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ME Morgan Benefit Show - August 10, 2019

I had not been planning to bring Ellie to this show, but an email had gone out to members a few days prior that entries were a bit low.  So in order to support the club, we headed out to Pineland Farm the morning of August 10, for what promised to be a gorgeous summer day!  All photos that I am in were purchased from the show photographer!
I always think these types of shows are going to be fine, but at the end of every single one of them, I always remember why I should stick with dressage and eventing haha.  That is not to say there is anything wrong with open shows or the club that runs them; this is just not the type of showing we do well at because she's not a "show horse".
The show was held at a gorgeous facility that boasts both large indoor and outdoor arenas.  They chose to have the show indoors with warm-up outside, which is fine, but Ellie was not a fan of the indoor.  One corner was open to the large and echo-y storage area where they had set up the secretary…

Week one with Ellie

Ellie has started to settle in well here at Clover Ledge.  I admit I was worried about taking her from the only home she has ever known, the farm where she was born, but despite her nervousness, she has a great brain.  Ellie likes to overreact to things at first (typical young Morgan haha), but she quickly regains her composure.  I am sure that as I develop a relationship with her and she trusts me, she will become even more brave.  However, she is a redheaded Morgan mare (haha), so her initial overdramatics might always be there!  ;-)

The first few days I just groomed her and took her for walks.  She was nervous and looky on the crossties and spooked at everything in the barn yard (the sound of the cattle, the dump trailer, the wheelbarrow, the gate to her pasture, her shadow, the wind...haha).  She didn't want to lift her hooves to be picked, and she almost kicked out on her hinds.  The first night she didn't want to enter the barn; even though she REALLY wanted to be inside with Dreamy, she just couldn't bring herself to enter.  I totally understand that some of that was from the sound and smell of the cattle, as she couldn't SEE them, but she knew something was there and they were probably dangerous.  She screamed a bit during turnout and Dreamy would answer, but only on the first day, so her subsequent days of screaming were met with nothing.  That was almost too much for Ellie to bear.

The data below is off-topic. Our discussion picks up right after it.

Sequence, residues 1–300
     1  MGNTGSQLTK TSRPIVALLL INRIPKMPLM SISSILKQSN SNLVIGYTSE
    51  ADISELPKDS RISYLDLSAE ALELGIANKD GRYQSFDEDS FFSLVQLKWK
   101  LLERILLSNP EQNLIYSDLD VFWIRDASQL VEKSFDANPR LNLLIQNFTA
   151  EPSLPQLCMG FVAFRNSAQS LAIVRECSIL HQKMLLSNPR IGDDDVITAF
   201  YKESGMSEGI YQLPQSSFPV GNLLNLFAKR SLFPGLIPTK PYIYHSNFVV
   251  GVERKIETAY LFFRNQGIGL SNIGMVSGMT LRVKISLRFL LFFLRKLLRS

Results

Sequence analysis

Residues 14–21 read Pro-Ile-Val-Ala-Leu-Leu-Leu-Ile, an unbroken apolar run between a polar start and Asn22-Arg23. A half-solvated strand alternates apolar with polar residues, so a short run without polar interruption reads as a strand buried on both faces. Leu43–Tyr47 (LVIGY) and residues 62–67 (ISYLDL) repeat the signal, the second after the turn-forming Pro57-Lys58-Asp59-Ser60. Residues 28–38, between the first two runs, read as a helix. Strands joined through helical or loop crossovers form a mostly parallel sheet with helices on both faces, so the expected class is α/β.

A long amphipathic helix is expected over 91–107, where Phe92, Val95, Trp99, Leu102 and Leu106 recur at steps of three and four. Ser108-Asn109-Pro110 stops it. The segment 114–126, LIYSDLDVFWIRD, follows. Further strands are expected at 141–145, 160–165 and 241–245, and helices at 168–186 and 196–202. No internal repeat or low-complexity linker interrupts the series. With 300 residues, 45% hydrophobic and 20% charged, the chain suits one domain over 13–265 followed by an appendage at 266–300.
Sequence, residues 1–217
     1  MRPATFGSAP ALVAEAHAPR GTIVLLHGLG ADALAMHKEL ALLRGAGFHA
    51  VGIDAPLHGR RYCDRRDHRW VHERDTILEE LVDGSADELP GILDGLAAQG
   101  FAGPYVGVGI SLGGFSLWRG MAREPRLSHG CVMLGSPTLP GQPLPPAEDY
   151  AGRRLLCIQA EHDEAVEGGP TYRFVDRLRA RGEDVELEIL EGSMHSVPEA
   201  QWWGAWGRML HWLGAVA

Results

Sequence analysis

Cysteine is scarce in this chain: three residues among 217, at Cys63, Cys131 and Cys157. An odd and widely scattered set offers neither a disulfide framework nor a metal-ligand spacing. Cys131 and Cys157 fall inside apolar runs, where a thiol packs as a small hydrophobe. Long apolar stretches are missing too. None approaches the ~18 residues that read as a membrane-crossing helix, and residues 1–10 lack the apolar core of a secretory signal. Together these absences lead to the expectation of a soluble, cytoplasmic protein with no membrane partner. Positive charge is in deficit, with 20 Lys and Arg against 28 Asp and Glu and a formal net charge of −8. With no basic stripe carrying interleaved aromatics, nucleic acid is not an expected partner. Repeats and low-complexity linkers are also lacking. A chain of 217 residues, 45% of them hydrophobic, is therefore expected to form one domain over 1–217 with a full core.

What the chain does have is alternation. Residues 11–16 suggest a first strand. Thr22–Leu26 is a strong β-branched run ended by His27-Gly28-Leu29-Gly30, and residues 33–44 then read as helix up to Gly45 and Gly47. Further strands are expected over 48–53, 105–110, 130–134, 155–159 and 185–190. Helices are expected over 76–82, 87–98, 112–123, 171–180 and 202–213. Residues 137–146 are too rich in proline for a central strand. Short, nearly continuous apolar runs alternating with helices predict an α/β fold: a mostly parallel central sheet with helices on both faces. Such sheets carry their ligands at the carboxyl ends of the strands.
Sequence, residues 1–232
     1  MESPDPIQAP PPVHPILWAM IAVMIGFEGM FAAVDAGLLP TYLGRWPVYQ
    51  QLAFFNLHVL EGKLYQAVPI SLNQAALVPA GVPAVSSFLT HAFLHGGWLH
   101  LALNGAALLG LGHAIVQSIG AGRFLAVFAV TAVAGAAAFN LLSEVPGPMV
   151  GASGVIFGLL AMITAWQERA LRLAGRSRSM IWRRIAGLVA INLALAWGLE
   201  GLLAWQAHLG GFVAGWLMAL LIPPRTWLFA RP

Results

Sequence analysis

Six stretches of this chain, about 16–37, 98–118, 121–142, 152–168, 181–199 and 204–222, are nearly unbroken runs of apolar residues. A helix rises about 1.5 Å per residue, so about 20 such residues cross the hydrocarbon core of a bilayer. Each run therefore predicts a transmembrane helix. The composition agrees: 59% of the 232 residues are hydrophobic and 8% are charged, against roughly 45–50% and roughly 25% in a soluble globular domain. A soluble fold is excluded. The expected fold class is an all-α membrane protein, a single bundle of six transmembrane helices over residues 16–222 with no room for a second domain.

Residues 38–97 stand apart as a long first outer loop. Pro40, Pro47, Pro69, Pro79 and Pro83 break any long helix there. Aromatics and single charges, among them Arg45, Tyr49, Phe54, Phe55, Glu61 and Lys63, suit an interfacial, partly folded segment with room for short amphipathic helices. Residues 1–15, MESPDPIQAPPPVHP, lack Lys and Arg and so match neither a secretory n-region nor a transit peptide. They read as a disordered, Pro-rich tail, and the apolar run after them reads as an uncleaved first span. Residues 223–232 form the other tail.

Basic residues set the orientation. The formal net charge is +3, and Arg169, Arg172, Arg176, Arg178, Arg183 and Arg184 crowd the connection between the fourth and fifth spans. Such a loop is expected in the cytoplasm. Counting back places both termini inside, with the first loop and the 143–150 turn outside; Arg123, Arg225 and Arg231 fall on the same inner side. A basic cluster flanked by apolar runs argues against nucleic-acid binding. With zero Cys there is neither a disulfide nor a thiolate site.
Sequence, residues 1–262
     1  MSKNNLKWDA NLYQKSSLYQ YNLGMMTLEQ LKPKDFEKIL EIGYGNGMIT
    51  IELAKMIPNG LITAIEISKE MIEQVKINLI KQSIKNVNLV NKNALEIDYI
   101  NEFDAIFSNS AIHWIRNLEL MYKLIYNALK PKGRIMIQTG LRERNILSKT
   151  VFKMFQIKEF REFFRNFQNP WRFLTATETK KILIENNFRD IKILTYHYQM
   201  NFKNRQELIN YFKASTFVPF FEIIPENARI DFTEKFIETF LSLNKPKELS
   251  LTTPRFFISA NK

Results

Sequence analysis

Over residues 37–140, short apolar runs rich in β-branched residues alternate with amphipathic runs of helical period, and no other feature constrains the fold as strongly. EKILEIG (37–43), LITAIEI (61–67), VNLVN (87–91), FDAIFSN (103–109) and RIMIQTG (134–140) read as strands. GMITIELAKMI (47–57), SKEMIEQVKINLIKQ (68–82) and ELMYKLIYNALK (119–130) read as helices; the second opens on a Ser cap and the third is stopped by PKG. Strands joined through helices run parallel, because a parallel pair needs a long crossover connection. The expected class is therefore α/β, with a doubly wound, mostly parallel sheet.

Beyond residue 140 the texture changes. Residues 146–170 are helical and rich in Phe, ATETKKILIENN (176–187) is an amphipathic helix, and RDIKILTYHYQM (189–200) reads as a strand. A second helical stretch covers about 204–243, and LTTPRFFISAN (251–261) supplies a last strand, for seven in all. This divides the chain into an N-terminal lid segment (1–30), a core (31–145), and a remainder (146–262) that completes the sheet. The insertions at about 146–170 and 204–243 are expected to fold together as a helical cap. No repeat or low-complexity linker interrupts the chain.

Ellie: DREAMY!  DREAMY!  OMG!  Why are you ignoring me?  I am all alone in this world even though I can see you!

Dreamy: Holy moly, just shut your trap, young'un! (Dreamy purposefully turns her back and ignores Ellie)

We took several different walks around the yard the first few days, then out in the ring and down into the Christmas tree fields.  Once put to "work", Ellie was much happier.  It was as though she was relieved to have something to do that she understood and felt confident with.  She has decent manners (when she is calm), and easily moved away from pressure, halted and stood, and went over the ground poles.  She definitely wasn't at all like the easygoing Standardbreds off the track I have become accustomed to over the past fourteen years since I have first owned Dreamy.  I had a huge reality check that brought me back to 1993 when I first owned Sparky, another redheaded Morgan mare!


My Standardbred mares were afraid of the Christmas trees at first, but Ellie was like, "What? They're trees!"How funny the difference between horses raised on the track versus those raised on a Maine farm...! 
It would have been very easy at this point to become scared of Ellie.  She is definitely an opinionated mare but she also knows that she is supposed to behave (and I think she genuinely wants to behave because she is super sweet).  She just doesn't always know how to handle her emotions appropriately yet (hmmmm, reminds me of my two year old child!) and some things she has never been exposed to so she is SURE it will eat it.  And she would very easily overpower and walk all over someone who is afraid of her.  So, once she realizes that I am the one in charge and I am not worried or upset like she is, she calms down.  But the trick is to stay calm and not react to her dramatics, which is something I am good at.  And of course, while I admit I felt slightly discouraged at first, I had to remember that she had only been with me for a few DAYS, so it was going to take time.  I have found that once you gain a mare's trust, you have it forever (unless you screw it up yourself LOL).  And there really is no timeline with this horse.  Yes, there are certainly things I would like to have in place by spring, but right now is the ideal time to just bond with her and get some basics ironed out without the self imposed pressure I put on myself when show season is starting.